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Mohamed Gad-el-Hak, Ph.D. - VCU College of Engineering. Engineering East Hall, Room E2256, Richmond, VA, US

Mohamed Gad-el-Hak, Ph.D. Mohamed Gad-el-Hak, Ph.D.

Professor Emeritus, Department of Mechanical and Nuclear Engineering | VCU College of Engineering

Engineering East Hall, Room E2256, Richmond, VA, UNITED STATES

Fluid mechanics expert, with a penchant for nanotechnology and microelectromechanical systems

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Biography

Mohamed Gad-el-Hak was born in Tanta, Egypt, but grew up in Cairo. He received his B.Sc. (summa cum laude) in mechanical engineering from Ain Shams University in 1966 and his Ph.D. in fluid mechanics from the Johns Hopkins University in 1973, under Stanley Corrsin. Gad-el-Hak lived in the United States of America since 1968, and became a U.S. citizen in 1981.

Gad-el-Hak was senior research scientist and program manager at Flow Research Company in Seattle, Washington, and then professor of aerospace and mechanical Engineering at the University of Notre Dame, finally coming to Virginia Commonwealth University in 2002 as chair of mechanical engineering, later mechanical and nuclear engineering. He has also worked at the University of Southern California, University of Virginia, Institut National Polytechnique de Grenoble, Université de Poitiers, Friedrich-Alexander-Universität Erlangen-Nürnberg, Technische Universität München, and Technische Universität Berlin.

Industry Expertise (5)

Research Education/Learning Nanotechnology Mechanical/Industrial Engineering Electrical Engineering

Areas of Expertise (6)

Fluids in motion Turbulence and flow control Viscous pumps and microturbines Micro- and nanotechnology Large-scale disasters Microelectromechanical Systems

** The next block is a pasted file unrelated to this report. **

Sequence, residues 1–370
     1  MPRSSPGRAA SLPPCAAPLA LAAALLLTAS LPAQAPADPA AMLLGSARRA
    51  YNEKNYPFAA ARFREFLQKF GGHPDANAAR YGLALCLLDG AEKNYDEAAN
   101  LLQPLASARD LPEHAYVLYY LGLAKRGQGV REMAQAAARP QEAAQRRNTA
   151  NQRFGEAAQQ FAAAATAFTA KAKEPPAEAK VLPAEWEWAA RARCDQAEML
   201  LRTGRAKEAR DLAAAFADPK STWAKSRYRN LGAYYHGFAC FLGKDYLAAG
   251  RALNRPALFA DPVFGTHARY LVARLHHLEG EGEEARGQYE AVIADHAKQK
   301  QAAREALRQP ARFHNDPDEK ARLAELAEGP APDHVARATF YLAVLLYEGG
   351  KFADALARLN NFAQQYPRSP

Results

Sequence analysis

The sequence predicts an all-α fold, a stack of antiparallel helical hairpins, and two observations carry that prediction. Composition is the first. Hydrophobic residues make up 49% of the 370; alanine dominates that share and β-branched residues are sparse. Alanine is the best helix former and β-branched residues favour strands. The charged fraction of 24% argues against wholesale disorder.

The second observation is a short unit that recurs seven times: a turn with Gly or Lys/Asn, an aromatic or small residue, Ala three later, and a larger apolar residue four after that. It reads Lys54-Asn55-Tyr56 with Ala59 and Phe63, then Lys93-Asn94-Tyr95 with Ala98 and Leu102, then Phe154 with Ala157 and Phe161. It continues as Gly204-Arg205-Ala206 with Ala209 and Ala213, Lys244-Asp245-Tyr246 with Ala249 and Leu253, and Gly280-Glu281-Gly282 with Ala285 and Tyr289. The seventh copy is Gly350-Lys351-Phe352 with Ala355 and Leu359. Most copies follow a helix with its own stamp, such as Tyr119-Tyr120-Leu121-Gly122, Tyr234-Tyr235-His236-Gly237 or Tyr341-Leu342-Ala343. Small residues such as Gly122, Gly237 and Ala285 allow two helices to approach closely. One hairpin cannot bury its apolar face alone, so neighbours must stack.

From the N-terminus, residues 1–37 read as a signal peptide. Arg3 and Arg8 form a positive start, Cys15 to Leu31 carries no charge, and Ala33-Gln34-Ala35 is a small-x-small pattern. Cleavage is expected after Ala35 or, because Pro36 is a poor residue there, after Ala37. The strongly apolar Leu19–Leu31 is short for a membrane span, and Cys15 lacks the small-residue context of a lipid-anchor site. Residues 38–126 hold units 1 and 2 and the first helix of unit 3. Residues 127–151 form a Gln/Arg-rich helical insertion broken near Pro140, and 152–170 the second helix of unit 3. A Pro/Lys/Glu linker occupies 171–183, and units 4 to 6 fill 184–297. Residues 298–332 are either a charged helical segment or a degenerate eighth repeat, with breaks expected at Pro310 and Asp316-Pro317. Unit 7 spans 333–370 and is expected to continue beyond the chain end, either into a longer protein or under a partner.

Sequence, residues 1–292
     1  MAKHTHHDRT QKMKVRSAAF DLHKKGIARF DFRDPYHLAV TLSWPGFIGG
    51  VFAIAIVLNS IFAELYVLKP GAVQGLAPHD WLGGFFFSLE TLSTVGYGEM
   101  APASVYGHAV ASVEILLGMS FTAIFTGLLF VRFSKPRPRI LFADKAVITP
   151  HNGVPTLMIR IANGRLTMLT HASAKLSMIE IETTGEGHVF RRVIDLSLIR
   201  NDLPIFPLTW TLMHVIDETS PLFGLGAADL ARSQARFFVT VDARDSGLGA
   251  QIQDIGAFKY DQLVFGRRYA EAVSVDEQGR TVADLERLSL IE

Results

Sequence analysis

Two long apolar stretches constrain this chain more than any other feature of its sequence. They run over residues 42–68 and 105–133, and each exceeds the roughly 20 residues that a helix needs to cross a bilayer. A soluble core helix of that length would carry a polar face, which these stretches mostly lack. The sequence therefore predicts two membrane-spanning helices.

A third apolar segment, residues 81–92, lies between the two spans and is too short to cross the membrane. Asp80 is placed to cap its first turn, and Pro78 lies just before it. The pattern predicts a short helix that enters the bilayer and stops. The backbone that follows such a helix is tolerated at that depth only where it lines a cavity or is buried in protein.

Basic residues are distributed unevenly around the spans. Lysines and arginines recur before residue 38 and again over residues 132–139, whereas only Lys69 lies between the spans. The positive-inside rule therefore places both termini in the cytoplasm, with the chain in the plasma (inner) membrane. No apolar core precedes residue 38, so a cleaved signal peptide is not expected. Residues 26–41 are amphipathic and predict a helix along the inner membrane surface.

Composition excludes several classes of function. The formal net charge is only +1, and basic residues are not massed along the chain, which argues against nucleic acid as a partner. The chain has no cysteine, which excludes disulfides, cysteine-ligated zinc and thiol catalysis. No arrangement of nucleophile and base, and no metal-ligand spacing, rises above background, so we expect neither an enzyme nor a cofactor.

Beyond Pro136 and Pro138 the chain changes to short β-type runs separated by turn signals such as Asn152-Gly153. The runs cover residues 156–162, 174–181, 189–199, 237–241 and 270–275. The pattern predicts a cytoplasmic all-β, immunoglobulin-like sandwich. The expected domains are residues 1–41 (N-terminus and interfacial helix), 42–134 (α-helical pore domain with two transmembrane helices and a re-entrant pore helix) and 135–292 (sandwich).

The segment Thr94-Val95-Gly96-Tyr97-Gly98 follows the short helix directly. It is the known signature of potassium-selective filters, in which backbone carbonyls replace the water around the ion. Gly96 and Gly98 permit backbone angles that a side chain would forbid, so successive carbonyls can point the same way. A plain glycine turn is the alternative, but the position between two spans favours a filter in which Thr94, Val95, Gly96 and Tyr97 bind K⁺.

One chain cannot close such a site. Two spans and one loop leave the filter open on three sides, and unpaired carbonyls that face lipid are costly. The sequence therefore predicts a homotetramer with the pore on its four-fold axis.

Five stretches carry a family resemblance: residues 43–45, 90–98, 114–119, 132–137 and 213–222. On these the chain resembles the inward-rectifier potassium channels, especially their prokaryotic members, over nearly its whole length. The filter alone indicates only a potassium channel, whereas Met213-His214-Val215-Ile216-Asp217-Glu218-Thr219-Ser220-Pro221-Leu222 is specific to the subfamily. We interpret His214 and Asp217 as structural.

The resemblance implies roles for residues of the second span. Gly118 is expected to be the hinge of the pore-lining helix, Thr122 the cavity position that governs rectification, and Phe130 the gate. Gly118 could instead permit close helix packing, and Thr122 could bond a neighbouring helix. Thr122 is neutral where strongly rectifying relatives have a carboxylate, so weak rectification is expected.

Education (2)

The Johns Hopkins University: Ph.D., Fluid Mechanics 1973

Ain Shams University, Cairo, Egypt: B.Sc., Mechanical Engineering 1966

Selected Articles (3)

Nine Decades of Fluid Mechanics Journal of Fluids Engineering

2016

As the ASME Division of Fluids Engineering celebrates its 90th Anniversary, I make a broad-brush sweep of progress in the field of fluid mechanics during this period. Selected theoretical, numerical, and experimental advances are described. The inventions of laser and computer have profound effects on humanity, but their influence on fluid mechanics is particularly elucidated in this review.

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Enhanced Turbulence in the Taylor-Couette Flow System Procedia Engineering

2016

The Taylor-Couette system keeps making subject to countless studies. It is used in catalytic reactors, electrochemistry, photochemistry, biochemistry and polymerization, as well as in mass transfer operations (extraction, tangential filtration, crystallization and dialysis). This work deals with a numerical study dedicated to a Taylor-Couette flow considering the influence of a pulsatile dynamic superimposed to the rotative inner cylinder. Simulations are implemented on the FLUENT commercial package where a three-dimensional and incompressible flow is considered. It is shown that the suggested controlling technique fundamentally alters the physical flow behavior resulting in substantial turbulence enhancement to which transition is instilled at a Taylor number of Ta = 17 instead of Ta = 41.33 corresponding to the non-controlled case.

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Suppressing Taylor vortices in a Taylor--Couette flow system with free surface 69th Annual Meeting of the APS Division of Fluid Dynamics

2016

Taylor--Couette flows have been extensively investigated due to their many industrial applications, such as catalytic reactors, electrochemistry, photochemistry, biochemistry, and polymerization. Mass transfer applications include extraction, tangential filtration, crystallization, and dialysis. A 3D study is carried out to simulate a Taylor--Couette flow with a rotating and pulsating inner cylinder. We utilize FLUENT to simulate the incompressible flow with a free surface. The study reveals that flow structuring is initiated with the development of an Ekman vortex at low Taylor number, Ta =0.01. For all encountered flow regimes, the Taylor vortices are systematically inhibited by the pulsatile motion of the inner cylinder. A spectral analysis shows that this pulsatile motion causes a rapid decay of the free surface oscillations, from a periodic wavy movement to a chaotic one, then to a fully turbulent motion. This degenerative free surface behavior is interpreted as the underlying mechanism responsible for the inhibition of the Taylor vortices.

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